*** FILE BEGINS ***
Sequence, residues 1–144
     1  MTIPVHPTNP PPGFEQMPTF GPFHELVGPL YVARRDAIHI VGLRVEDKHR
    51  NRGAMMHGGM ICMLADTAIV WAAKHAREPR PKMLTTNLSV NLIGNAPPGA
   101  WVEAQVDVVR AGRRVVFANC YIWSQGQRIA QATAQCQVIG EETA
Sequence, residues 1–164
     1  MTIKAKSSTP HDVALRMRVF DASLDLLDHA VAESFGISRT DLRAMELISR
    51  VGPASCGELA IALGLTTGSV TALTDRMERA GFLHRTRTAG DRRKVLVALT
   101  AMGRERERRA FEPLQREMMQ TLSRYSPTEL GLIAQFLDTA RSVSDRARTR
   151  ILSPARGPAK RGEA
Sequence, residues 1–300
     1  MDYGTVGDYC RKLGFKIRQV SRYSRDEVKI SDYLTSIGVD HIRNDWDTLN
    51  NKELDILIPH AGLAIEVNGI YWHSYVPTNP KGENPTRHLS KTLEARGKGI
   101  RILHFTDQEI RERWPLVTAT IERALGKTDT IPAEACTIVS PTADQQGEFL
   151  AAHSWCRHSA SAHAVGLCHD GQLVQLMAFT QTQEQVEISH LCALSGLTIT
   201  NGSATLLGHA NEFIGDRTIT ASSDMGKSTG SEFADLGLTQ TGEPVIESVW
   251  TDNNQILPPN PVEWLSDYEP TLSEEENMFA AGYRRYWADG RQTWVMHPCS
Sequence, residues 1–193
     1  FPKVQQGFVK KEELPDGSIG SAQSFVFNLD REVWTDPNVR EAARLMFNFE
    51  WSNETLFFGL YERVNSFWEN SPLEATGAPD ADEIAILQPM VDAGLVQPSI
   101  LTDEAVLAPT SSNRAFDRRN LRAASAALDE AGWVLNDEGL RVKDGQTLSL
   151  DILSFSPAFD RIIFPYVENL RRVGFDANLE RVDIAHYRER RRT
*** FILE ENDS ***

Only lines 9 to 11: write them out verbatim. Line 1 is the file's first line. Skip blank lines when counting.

   151  ILSPARGPAK RGEA
Sequence, residues 1–300
     1  MDYGTVGDYC RKLGFKIRQV SRYSRDEVKI SDYLTSIGVD HIRNDWDTLN